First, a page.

Abstract 291: RAS Fingerprinting: Patient-Specific Evaluation of the Renin-Angiotensin-System in Plasma by LC-MS/MS-Based Multiplex Quantification of Angiotensin Peptides
The Renin-Angiotensin-System (RAS) is critically involved in the regulation of important physiological functions including blood pressure and fluid balance. It is constituted by multiple enzymes giving rise to a meshwork of effector peptides, which mediate their functions through binding to specific receptor molecules. Therefore, the modification of angiotensin peptide levels represents a common strategy for the treatment of RAS-associated diseases and is frequently achieved by the pharmacologic regulation of enzymes taking part in angiotensin metabolism. We developed a highly sensitive method, which allows the simultaneous absolute quantification of up to 10 different angiotensin peptides in human plasma and whole blood (RAS-Fingerprinting). Either the measurement of in vivo RAS-Fingerprints (immediate sample stabilization) or heparin derived ex vivo RAS-Fingerprints in plasma or whole blood, provide unique insights into the biochemical constitution of the human RAS and therefore represent powerful tools for the patient specific evaluation of this physiologically important peptide hormone system. During the development and validation of a new LC-MS/MS based method for angiotensin quantification, comprehensive datasets for various applications of RAS-Fingerprinting have been generated. RAS-Fingerprints were measured in blood of healthy volunteers during the treatment with different RAS-blockers, which provided deep insights in the physiology and regulation of the human RAS and revealed surprising differences between individual patients. With the help of RAS-Fingerprinting, we were able to re-draw the picture of the human RAS at a previously unachieved level of detail and accuracy. Due to the availability of new selection criteria for pharmacologic screens, RAS-Fingerprinting could contribute to the development of innovative therapeutic approaches affecting the RAS. The extensive utilization of RAS-Fingerprinting in clinical studies will substantially enhance our understanding of the human RAS and could lead to the development of personalized treatment schemes in the management of RAS-associated diseases in the near future.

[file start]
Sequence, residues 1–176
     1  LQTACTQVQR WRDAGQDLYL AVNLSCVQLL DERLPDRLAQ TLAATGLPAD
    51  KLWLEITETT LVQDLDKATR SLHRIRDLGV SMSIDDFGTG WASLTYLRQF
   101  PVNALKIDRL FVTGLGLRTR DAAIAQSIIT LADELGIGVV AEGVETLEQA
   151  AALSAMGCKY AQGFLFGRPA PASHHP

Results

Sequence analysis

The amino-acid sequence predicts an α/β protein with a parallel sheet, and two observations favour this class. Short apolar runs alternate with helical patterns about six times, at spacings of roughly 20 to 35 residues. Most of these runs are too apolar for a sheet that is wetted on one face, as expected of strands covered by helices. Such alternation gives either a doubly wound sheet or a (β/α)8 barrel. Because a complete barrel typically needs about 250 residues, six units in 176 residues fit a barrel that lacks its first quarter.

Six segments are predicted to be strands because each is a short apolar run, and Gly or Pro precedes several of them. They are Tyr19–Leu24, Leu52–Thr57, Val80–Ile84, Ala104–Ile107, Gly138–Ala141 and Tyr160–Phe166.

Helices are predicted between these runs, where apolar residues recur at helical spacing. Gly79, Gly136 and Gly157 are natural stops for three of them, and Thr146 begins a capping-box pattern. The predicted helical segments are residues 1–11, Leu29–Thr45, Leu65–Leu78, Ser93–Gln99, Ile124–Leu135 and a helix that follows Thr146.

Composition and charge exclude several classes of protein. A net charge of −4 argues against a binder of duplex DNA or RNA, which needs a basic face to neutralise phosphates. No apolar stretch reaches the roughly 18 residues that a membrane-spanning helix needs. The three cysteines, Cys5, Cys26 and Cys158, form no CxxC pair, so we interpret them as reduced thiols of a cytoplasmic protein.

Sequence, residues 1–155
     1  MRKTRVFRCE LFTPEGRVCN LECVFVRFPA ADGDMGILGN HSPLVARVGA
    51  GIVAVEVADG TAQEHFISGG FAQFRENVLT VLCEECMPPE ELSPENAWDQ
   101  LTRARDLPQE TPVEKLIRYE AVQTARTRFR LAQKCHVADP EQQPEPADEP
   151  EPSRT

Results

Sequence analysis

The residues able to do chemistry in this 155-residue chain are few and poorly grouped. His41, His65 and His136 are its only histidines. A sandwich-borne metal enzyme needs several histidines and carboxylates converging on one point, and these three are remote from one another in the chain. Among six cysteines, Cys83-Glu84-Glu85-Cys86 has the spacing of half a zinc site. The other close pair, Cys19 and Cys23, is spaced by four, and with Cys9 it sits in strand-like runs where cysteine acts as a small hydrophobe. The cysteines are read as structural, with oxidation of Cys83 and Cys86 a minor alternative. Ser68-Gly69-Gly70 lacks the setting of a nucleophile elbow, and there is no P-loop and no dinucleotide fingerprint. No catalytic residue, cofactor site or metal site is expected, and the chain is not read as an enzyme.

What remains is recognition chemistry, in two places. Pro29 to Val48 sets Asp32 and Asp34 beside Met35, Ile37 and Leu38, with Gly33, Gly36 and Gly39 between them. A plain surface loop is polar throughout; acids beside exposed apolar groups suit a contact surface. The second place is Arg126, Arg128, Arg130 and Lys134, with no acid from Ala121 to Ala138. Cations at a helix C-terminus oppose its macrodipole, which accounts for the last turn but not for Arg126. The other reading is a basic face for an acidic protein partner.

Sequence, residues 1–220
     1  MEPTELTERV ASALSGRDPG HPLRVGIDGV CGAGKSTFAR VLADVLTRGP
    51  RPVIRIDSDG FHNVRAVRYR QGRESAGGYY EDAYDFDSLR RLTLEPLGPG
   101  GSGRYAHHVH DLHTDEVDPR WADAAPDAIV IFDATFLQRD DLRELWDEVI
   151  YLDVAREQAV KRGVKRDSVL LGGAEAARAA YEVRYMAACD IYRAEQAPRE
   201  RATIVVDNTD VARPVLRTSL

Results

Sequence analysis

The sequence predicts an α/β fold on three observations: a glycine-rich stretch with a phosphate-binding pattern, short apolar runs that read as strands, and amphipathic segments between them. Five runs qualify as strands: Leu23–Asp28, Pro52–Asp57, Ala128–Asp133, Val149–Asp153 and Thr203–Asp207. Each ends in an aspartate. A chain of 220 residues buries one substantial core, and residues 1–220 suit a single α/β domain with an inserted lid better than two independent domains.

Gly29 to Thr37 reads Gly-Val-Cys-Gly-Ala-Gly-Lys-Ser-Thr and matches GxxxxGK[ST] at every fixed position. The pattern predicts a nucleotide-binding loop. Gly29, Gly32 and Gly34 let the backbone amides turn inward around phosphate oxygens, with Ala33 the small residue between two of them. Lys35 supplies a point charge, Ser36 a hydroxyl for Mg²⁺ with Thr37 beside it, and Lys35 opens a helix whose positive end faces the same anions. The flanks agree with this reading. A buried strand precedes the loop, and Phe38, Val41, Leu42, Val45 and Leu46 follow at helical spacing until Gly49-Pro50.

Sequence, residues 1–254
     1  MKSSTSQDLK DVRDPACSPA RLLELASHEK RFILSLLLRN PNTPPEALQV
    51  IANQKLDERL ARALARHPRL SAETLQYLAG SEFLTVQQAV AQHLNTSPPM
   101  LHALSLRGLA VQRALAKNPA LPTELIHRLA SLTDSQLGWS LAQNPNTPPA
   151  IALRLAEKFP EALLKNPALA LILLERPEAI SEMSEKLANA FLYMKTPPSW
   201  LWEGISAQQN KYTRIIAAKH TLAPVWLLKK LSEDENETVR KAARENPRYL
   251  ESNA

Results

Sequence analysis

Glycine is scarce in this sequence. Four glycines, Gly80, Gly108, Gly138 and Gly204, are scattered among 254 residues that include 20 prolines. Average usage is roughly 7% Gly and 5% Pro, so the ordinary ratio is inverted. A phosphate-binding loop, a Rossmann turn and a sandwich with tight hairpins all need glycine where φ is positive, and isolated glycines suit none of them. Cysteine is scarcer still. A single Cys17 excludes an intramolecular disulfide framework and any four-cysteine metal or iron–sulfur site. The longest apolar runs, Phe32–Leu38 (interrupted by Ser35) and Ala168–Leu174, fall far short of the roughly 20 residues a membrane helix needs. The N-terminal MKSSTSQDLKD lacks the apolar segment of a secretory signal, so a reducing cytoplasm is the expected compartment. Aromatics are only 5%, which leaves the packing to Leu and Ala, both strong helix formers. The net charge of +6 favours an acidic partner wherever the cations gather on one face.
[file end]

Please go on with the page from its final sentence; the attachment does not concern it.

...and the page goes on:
- © 2012 by American Heart Association, Inc.